Next, a Deployment for OAuth proxy needs to be created. It is recommended that a separate OpenShift OAuth client be registered for this purpose. The name of the client and its Secret will be used with the --client-id and --client-secret container arguments respectively shown in the Deployment spec below. The --client-id and --client-secret are defined in the OAuth client spec covered in the next section.
When an OpenShift ServiceAccount was used as the OAuth client, it was observed that the token generated by the proxy did not have sufficient scopes to operate K10. It is therefore not recommended to deploy the proxy using an OpenShift ServiceAccount as the OAuth client.
It is also important to configure the --pass-access-token option with the proxy so that it includes the OpenShift token in the X-Forwarded-Access-Token header when forwarding a request to K10.
The --scope configuration must have the user:full scope to ensure that the token generated by the proxy has sufficient scopes for operating K10.
The --upstream configuration must point to the K10 gateway Service.
Traffic meant for K10 must be forwarded to the OAuth proxy for authentication before it reaches K10. Ensure that ingress traffic on port 80 is forwarded to port 8080 and traffic on port 443 is forwarded to port 8083 of the oauth-proxy-svc Service respectively.
Here is one example of how to forward traffic to the proxy. In this example K10 was deployed with an external gateway Service. The gateway Service's ports were modified to forward traffic like so:
K10’s Authentication Service executes a Kubernetes Token Review using the OpenShift Token to verify that the token has been authenticated. If authenticated, the user is redirected to K10’s dashboard.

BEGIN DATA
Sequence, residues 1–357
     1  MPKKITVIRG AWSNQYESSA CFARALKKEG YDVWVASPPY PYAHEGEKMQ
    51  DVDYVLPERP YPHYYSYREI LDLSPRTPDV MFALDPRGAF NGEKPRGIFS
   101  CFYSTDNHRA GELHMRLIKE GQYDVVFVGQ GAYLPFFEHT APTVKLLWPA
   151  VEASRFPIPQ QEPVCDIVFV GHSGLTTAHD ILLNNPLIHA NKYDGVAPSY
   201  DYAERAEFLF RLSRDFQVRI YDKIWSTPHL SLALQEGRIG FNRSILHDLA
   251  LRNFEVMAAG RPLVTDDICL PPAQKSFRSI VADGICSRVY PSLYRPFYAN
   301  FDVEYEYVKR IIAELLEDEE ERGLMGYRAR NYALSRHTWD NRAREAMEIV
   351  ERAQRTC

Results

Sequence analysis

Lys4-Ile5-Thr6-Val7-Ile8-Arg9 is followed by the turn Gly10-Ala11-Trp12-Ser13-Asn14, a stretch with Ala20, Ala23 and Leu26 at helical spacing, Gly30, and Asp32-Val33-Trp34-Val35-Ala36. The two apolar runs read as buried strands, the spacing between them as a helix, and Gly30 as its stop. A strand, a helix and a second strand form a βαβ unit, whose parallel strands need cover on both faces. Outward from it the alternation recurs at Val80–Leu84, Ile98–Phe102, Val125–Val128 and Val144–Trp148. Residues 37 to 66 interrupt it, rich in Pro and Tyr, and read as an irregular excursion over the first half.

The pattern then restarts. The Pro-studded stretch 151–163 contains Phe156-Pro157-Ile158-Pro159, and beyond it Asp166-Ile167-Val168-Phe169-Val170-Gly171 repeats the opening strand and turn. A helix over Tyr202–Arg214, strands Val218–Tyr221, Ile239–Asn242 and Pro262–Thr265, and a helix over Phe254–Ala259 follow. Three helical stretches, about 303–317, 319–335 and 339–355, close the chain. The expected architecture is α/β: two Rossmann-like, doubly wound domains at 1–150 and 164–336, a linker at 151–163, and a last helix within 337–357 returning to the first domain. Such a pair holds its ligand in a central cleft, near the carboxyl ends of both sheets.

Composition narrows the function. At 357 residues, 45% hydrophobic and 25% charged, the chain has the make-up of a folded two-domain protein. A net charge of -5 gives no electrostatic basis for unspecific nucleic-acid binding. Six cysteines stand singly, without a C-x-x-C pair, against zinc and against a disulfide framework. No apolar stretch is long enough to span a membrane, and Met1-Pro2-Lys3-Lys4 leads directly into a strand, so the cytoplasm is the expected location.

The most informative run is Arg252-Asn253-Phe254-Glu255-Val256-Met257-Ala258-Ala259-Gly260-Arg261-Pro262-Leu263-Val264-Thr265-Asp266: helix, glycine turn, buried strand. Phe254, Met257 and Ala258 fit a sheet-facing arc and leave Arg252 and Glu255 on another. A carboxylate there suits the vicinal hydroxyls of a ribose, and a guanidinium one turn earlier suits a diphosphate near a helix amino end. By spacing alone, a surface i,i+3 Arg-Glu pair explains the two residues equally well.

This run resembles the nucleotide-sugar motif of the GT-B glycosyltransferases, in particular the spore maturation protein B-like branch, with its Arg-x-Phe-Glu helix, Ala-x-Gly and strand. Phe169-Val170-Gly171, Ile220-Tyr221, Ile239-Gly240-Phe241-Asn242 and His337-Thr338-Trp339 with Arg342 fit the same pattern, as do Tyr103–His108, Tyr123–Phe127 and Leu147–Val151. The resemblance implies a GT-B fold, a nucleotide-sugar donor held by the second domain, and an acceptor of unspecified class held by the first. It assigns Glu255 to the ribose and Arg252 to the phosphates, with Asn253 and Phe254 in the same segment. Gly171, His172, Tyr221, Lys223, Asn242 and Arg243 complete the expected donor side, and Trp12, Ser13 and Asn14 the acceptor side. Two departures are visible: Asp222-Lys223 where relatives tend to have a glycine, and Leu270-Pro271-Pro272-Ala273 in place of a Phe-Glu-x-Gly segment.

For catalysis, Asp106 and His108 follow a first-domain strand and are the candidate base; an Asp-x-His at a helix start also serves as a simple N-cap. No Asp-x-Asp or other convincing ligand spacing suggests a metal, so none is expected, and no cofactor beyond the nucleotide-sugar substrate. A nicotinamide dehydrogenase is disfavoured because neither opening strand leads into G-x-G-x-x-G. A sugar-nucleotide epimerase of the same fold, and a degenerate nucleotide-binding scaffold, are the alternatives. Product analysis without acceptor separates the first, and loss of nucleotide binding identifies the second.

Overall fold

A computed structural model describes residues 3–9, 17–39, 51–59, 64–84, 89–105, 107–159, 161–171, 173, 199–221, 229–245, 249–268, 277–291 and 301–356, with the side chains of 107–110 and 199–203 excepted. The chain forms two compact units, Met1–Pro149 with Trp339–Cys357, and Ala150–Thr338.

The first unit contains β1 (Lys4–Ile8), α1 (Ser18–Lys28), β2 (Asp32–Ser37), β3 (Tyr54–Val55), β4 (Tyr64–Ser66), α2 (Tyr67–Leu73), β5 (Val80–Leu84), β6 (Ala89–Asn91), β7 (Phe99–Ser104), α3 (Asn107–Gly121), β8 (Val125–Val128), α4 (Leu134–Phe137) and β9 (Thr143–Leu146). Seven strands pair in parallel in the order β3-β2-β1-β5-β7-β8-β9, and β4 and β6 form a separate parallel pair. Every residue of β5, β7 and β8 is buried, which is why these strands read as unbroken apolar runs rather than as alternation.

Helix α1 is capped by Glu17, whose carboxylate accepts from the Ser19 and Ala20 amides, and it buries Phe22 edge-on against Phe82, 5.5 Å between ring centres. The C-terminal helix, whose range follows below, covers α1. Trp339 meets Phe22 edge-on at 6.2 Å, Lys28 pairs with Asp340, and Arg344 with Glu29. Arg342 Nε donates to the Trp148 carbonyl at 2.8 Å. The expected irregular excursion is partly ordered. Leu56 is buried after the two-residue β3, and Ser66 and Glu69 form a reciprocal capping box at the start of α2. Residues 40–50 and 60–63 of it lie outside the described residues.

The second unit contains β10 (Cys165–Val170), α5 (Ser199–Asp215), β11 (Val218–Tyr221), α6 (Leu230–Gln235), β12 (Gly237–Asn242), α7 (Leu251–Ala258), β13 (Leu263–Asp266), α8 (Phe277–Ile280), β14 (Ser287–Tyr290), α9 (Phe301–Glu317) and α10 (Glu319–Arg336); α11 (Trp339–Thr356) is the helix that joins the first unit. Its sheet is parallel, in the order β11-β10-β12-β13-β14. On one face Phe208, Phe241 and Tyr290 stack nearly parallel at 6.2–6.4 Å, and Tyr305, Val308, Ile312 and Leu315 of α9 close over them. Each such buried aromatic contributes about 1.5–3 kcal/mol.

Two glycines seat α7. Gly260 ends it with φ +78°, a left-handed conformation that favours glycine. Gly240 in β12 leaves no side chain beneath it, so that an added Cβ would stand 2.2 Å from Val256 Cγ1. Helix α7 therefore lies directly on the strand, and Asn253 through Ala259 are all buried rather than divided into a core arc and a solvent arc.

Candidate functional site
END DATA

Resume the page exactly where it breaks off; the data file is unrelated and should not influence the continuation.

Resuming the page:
K10 also performs a Kubernetes Subject Access Review to verify that the token is authorized to operate K10. Depending on the scopes of the token, the user may have varying levels of access to the dashboard.
Users who are well versed with Red Hat’s OAuth Proxy, for authenticating users for accessing applications in their clusters, will find this article very useful. We hope that you will be as delighted as our OpenShift customers, who now have K10 fully integrated into their OpenShift environment for their cloud native data protection needs.
For users of OpenShift who are new to the OpenShift OAuth proxy, we would highly recommend learning more about this project using the information here, and also leverage the information in this article for deploying K10 with the OpenShift OAuth proxy.
Onkar Bhat is a member of the technical staff at Kasten and has been working on solving problems pertaining to data protection and disaster recovery in cloud native environments. His focus has been in the areas of authentication and authorization for multi-tenant and self-service data protection in Kubernetes. He previously worked as a Technical Lead in the SDN controller team at Big Switch Networks, which was acquired by Arista Networks in 2020. Prior to Big Switch, Onkar worked at NetApp on the SnapMirror team, backup and disaster recovery for on-prem storage, and the Altavault product, a cloud backup appliance. He has also worked on the Catalyst 6K team in the area of deep packet inspection at Cisco Systems. Onkar received his MS from Carnegie Mellon University.
Kasten, Inc. 8800 Lyra Drive, Suite 450 Columbus, Ohio 43240
We value the critical role that the security community plays in helping us protect the confidentiality, integrity, and availability of our software, services, and information. If you have information about security vulnerabilities that affect Kasten software, services, or information, please report it to us via our HackerOne Vulnerability Disclosure Program, or anonymously via this form.